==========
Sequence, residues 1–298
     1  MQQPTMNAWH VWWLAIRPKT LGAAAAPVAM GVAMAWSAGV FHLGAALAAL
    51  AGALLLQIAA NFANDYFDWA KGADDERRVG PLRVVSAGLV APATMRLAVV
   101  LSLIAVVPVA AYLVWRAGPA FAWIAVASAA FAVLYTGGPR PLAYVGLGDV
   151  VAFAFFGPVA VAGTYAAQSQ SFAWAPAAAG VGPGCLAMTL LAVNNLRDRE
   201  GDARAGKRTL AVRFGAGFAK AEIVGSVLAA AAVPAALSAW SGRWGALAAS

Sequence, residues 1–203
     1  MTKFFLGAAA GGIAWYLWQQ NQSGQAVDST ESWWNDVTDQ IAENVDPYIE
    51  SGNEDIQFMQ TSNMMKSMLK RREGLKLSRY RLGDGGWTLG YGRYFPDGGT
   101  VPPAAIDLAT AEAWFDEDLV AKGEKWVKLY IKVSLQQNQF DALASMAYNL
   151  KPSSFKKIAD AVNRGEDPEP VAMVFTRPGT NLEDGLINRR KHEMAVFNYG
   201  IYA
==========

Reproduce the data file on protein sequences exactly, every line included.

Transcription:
Sequence, residues 1–298
     1  MQQPTMNAWH VWWLAIRPKT LGAAAAPVAM GVAMAWSAGV FHLGAALAAL
    51  AGALLLQIAA NFANDYFDWA KGADDERRVG PLRVVSAGLV APATMRLAVV
   101  LSLIAVVPVA AYLVWRAGPA FAWIAVASAA FAVLYTGGPR PLAYVGLGDV
   151  VAFAFFGPVA VAGTYAAQSQ SFAWAPAAAG VGPGCLAMTL LAVNNLRDRE
   201  GDARAGKRTL AVRFGAGFAK AEIVGSVLAA AAVPAALSAW SGRWGALAAS

Sequence, residues 1–203
     1  MTKFFLGAAA GGIAWYLWQQ NQSGQAVDST ESWWNDVTDQ IAENVDPYIE
    51  SGNEDIQFMQ TSNMMKSMLK RREGLKLSRY RLGDGGWTLG YGRYFPDGGT
   101  VPPAAIDLAT AEAWFDEDLV AKGEKWVKLY IKVSLQQNQF DALASMAYNL
   151  KPSSFKKIAD AVNRGEDPEP VAMVFTRPGT NLEDGLINRR KHEMAVFNYG
   201  IYA